Ohhh, the blond is Harry's secretary! I thought she came with the shoes (sharing space and expenses). I don't remember seeing her do anything secretarial.
Anybody watch cable's Spring Spectaculars this weekend? I found Starz's Camelot disappointing. The dialogue is generally clunky, sprinkled with occasional bits of modern idiom ("Good luck with that!"). Some of the changes to the legend are a bit puzzling (Guinevere betrothed to another knight, for instance). Merlin is more political manipulator than wizard; as played by Ralph Fiennes, he looks like an unkempt Christopher Meloni (Eliot in L&O:SVU). The biggest disappointment is Arthur, shown here as a libidinous teenager badly in need of a shampoo. The only cast member with any real presence is Eva Green as Morgan. Oddly, I'd thought she was the only weak link in Casino Royale; she was too young and too, well, green for the role she played. But she's matured in the years since then, and she makes an impressive Morgan.
As far as spectacle goes, Showtime's The Borgias wins, hands down. Rich, rich visuals in this $45 million production -- but with a somewhat impoverished content. The life story of the Borgias is so complex, so multi-layered, that any dramatization is forced to simplify. But so many intriguing matters are left out to make room for as many sex scenes as can be crowded in that the plotting, the double-dealing, the bloody ruthlessness of the family are given short shrift. Jeremy Irons is a believable Roderigo Borgia / Pope Alexander VI, a nice mixture of aristocratic cold-bloodedness and humane love for his illegitimate family.
Until its own spectacle airs (Game of Thrones, April 17), HBO is making do with Mildred Pierce. This production follows the James M. Cain novel more closely than the Joan Crawford movie did. It's still soap opera, but it's pretty good soap opera. Kate Winslet will probably win all sorts of acting awards.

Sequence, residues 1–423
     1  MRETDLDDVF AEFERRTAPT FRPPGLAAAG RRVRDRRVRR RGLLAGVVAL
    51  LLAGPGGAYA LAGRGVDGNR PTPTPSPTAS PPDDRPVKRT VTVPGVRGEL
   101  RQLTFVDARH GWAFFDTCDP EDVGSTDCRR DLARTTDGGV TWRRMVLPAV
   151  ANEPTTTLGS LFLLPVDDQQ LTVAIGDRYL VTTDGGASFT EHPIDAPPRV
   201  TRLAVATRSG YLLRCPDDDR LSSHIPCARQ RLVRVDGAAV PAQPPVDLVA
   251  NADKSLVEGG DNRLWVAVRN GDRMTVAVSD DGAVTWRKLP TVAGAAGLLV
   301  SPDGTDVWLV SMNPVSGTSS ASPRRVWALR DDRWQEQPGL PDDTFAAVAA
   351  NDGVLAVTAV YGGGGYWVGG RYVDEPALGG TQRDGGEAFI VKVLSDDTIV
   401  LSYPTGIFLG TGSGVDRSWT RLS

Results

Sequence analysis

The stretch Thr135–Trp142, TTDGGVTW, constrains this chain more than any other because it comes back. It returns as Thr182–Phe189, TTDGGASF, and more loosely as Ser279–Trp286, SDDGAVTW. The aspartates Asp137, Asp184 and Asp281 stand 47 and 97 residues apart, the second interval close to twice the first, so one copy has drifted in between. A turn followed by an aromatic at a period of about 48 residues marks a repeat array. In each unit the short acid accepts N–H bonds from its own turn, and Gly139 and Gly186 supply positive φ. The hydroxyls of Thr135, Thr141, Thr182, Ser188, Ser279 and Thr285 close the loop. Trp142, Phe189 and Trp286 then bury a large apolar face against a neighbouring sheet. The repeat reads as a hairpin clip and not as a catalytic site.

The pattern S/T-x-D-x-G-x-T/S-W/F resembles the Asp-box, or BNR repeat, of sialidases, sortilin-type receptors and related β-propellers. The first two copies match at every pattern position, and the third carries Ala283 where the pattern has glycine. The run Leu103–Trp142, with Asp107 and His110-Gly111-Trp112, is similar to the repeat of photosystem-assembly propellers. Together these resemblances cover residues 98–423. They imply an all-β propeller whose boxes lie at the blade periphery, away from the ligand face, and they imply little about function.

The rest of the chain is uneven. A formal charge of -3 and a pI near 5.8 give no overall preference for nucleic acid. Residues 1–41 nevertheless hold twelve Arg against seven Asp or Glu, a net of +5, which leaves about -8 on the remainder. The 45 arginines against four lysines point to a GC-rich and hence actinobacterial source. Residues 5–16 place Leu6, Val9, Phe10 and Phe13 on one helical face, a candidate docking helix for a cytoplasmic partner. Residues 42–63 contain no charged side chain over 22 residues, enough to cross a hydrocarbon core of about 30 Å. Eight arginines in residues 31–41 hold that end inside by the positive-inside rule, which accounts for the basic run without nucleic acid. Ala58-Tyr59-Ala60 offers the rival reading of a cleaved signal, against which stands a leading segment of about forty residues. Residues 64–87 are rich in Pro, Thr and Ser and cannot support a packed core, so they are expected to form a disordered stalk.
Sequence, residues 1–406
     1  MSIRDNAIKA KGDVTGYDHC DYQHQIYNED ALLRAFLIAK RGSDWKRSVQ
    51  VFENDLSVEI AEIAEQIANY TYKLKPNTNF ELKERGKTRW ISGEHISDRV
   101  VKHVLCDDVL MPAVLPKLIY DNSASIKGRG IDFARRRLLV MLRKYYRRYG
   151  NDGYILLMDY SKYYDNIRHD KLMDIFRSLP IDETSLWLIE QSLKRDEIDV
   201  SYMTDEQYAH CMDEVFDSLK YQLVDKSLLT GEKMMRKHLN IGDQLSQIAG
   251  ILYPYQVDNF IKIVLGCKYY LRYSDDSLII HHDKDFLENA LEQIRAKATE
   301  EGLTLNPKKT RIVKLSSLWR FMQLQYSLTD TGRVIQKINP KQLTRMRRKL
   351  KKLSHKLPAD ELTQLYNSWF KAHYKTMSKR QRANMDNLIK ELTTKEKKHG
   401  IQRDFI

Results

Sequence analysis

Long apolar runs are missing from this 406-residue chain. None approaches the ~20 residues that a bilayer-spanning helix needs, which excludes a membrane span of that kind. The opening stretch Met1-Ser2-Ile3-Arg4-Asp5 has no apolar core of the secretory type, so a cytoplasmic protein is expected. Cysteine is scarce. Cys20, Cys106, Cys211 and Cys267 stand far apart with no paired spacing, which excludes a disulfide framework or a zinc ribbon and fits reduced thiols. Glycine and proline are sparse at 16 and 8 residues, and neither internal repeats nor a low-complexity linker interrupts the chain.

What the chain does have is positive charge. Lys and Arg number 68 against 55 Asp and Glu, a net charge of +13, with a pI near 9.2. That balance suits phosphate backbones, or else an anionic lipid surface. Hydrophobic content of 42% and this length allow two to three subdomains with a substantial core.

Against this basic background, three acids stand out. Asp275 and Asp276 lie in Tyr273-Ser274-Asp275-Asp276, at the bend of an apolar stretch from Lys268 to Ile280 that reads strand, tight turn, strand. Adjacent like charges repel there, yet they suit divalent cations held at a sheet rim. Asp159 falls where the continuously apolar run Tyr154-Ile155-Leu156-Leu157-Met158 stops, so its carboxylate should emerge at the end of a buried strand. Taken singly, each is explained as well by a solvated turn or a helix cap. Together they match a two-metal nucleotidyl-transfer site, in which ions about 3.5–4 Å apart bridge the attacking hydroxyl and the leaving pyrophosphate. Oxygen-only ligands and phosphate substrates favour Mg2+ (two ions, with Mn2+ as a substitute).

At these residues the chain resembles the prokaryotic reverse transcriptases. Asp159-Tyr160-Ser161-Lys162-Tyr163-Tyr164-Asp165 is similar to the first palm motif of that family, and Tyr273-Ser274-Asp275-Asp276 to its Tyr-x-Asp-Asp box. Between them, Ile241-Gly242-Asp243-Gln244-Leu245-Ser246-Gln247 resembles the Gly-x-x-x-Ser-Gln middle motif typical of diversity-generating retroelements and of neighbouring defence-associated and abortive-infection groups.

Reelz is showing The Kennedys. This is the series The History Channel commissioned but then declined to show because: 1) the Kennedy family pressured them to drop it, or 2) it has so many historical inaccuracies. I suppose those two reasons might not be mutually exclusive. Tom Wilkinson as Joe Kennedy is his usual marvelous self; he has the Boston accent down pat. The rest of the first double episode I found flat and uninteresting. It reminded me of all those quickie biopics TV used to show so much back in the 70s.
For my money, AMC's The Killing has them all beat. One of the problems with one-hour crime dramas is that there's not enough time to show the consequences of violent death other than the police investigation. The Killing takes the time. A young girl is killed, and slowly and with restraint, we're shown the emotional effect of the killing on three groups of people -- the police, the girl's family, and the suspects. This is not a murder-every-week show; 13 episodes are devoted to this one crime. No flash, no gun battles, no witty cop banter. The Killing is quiet and intelligent, and utterly absorbing. I can easily do without any of the other shows I've mentioned here, but I'll not be missing The Killing.